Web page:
(c) The consent required by this section shall be exercisable by the person or persons to whom the right of consent (or portion thereof) has been transferred in accordance with subdivision (b), or if no such transfer has occurred, then by the person or persons to whom the right of consent (or portion thereof) has passed in accordance with subdivision (d).

(d) Subject to subdivisions (b) and (c), after the death of any person, the rights under this section shall belong to the following person or persons and may be exercised on behalf of and for the benefit of all of those persons, by those persons who, in the aggregate, are entitled to more than a one-half interest in the rights.

(1) The entire interest in those rights belong to the surviving spouse of the deceased personality unless there are any surviving children or grandchildren of the deceased personality, in which case one-half of the entire interest in those rights belong to the surviving spouse.

(2) The entire interest in those rights belong to the surviving children of the deceased personality and to the surviving children of any dead child of the deceased personality unless the deceased personality has a surviving spouse, in which case the ownership of a one-half interest in rights is divided among the surviving children and grandchildren.

(3) If there is no surviving spouse, and no surviving children or grandchildren, then the entire interest in those rights belong to the surviving parent or parents of the deceased personality.

(4) The rights of the deceased personality’s children and grandchildren are in all cases divided among them and exercisable in the manner provided in Section 240 of the Probate Code according to the number of the deceased personality’s children represented; the share of the children of a dead child of a deceased personality can be exercised only by the action of a majority of them.

(e) If any deceased personality does not transfer his or her rights under this section by contract, or by means of a trust or testamentary document, and there are no surviving persons as described in subdivision

(d), then the rights set forth in subdivision (a) shall terminate.

(f) (1) A successor-in-interest to the rights of a deceased personality under this section or a licensee thereof may not recover damages for a use prohibited by this section that occurs before the successor-in-interest or licensee registers a claim of the rights under paragraph (2).

(2) Any person claiming to be a successor-in-interest to the rights of a deceased personality under this section or a licensee thereof may register that claim with the Secretary of State on a form prescribed by the Secretary of State and upon payment of a fee of ten dollars ($10). The form shall be verified and shall include the name and date of death of the deceased personality, the name and address of the claimant, the basis of the claim, and the rights claimed.

(3) Upon receipt and after filing of any document under this section, the Secretary of State may microfilm or reproduce by other techniques any of the filings or documents and destroy the original filing or document. The microfilm or other reproduction of any document under the provision of this section shall be admissible in any court of law. The microfilm or other reproduction of any document may be destroyed by the Secretary of State 50 years after the death of the personality named therein.

(4) Claims registered under this subdivision shall be public records.

(g) No action shall be brought under this section by reason of any use of a deceased personality’s name, voice, signature, photograph, or likeness occurring after the expiration of 50 years from the death of the deceased personality.

(h) As used in this section, “deceased personality” means any natural person whose name, voice, signature, photograph, or likeness has commercial value at the time of his or her death, whether or not during the lifetime of that natural person the person used his or her name, voice, signature, photograph, or likeness on or in products, merchandise or goods, or for purposes of advertising or selling, or solicitation of purchase of, products, merchandise, goods or service. A “deceased personality” shall include, without limitation, any such natural person who has died within 50 years prior to January 1, 1985.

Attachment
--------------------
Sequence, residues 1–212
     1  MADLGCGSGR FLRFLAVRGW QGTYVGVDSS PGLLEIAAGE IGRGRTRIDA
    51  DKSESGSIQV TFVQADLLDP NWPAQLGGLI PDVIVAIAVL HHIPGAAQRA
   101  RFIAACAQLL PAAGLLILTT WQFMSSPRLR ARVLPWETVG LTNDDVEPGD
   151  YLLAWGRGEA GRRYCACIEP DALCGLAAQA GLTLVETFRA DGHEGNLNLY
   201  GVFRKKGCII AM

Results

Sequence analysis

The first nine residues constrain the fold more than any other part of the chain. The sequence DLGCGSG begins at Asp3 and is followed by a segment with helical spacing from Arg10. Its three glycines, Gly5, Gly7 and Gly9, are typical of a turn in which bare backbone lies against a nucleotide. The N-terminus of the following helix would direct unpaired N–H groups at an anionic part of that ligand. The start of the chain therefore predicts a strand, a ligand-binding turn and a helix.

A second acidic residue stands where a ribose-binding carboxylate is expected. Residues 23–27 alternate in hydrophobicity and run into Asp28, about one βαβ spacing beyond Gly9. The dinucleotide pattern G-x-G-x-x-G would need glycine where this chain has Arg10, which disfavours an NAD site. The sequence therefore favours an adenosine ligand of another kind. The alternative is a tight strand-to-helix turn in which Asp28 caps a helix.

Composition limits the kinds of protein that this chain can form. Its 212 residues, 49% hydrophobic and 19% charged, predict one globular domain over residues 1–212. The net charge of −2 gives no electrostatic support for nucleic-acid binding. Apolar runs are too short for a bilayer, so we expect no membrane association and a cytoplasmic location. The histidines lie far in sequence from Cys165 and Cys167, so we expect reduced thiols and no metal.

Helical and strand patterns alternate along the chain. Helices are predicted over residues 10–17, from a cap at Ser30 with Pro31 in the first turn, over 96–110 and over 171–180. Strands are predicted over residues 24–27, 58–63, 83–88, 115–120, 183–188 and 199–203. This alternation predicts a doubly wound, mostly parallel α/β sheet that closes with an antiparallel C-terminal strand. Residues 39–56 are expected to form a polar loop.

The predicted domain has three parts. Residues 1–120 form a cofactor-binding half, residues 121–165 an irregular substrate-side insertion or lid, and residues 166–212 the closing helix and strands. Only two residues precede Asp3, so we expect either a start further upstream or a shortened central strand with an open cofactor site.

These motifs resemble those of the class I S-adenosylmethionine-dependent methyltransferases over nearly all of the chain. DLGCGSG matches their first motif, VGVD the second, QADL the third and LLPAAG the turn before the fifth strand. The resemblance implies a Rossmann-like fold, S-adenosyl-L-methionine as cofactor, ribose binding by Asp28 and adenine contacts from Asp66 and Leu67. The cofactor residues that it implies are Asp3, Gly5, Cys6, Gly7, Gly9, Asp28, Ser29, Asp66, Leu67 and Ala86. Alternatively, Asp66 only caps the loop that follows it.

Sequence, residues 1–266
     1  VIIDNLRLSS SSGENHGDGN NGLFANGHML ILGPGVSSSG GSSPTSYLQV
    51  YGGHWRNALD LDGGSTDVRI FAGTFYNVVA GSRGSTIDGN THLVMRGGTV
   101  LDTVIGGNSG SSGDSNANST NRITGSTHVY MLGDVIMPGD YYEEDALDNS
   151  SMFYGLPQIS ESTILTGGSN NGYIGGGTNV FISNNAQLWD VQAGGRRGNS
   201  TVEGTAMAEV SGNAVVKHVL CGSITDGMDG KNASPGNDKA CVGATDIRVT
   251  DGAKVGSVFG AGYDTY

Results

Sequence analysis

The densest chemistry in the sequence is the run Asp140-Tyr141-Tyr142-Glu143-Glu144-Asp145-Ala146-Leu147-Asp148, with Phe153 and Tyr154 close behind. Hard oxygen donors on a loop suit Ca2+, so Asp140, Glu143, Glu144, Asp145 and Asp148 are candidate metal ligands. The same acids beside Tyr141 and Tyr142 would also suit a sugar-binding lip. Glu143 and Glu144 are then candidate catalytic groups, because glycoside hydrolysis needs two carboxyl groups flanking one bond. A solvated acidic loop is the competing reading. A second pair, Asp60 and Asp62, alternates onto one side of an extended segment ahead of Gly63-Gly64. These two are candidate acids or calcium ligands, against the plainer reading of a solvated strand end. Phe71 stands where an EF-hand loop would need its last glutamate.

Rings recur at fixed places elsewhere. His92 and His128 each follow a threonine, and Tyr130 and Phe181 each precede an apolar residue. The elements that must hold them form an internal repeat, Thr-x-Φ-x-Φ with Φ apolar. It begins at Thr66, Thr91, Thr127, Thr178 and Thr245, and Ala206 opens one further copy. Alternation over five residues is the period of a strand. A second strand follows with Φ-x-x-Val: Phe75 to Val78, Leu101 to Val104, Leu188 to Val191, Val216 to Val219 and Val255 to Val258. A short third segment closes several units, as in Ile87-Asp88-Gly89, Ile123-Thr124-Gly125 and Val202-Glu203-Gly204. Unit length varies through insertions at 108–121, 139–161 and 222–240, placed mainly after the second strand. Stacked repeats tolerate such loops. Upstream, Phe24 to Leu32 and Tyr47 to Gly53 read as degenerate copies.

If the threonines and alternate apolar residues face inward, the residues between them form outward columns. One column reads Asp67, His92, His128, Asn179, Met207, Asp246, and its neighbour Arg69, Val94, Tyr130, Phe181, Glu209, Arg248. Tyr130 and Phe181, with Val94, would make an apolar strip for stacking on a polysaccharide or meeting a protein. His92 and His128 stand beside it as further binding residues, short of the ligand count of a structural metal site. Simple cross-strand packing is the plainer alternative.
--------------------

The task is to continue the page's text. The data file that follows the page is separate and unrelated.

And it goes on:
(i) As used in this section, “photograph” means any photograph or photographic reproduction, still or moving, or any video tape of live television transmission, of any person such that the deceased personality is readily identifiable. A deceased personality shall be deemed to be readily identifiable from a photograph when one who views the photograph with the naked eye can reasonably determine who the person depicted in the photograph is.

(j) For purposes of this section, a use of a name, voice, signature, photograph, or likeness in connection with any news, public affairs, or sports broadcast or account, or any political campaign, shall not constitute a use for which consent is required under subdivision (a).

(k) The use of a name, voice, signature, photograph, or likeness in a commercial medium shall not constitute a use for which consent is required under subdivision (a) solely because the material containing the use is commercially sponsored or contains paid advertising. Rather it shall be a question of fact whether or not the use of the deceased personality’s name, voice, signature, photograph, or likeness was so directly connected with the commercial sponsorship or with the paid advertising as to constitute a use for which consent is required under subdivision (a).

(l) Nothing in this section shall apply to the owners or employees of any medium used for advertising, including, but not limited to, newspapers, magazines, radio and television networks and stations, cable television systems, billboards, and transit ads, by whom any advertisement or solicitation in violation of this section is published or disseminated, unless it is established that the owners or employees had knowledge of the unauthorized use of the deceased personality’s name, voice, signature, photograph, or likeness as prohibited by this section.

(m) The remedies provided for in this section are cumulative and shall be in addition to any others provided for by law.

(n) This section shall not apply to the use of a deceased personality’s name, voice, signature, photograph, or likeness, in any of the following instances:

(1) A play, book, magazine, newspaper, musical composition, film, radio or television program, other than an advertisement or commercial announcement not exempt under paragraph (4).

(2) Material that is of political or newsworthy value.

(3) Single and original works of fine art.

(4) An advertisement or commercial announcement for a use permitted by paragraph (1), (2), or (3).

(Legislative History 1984 chapter 1704, 1988 chapter 113).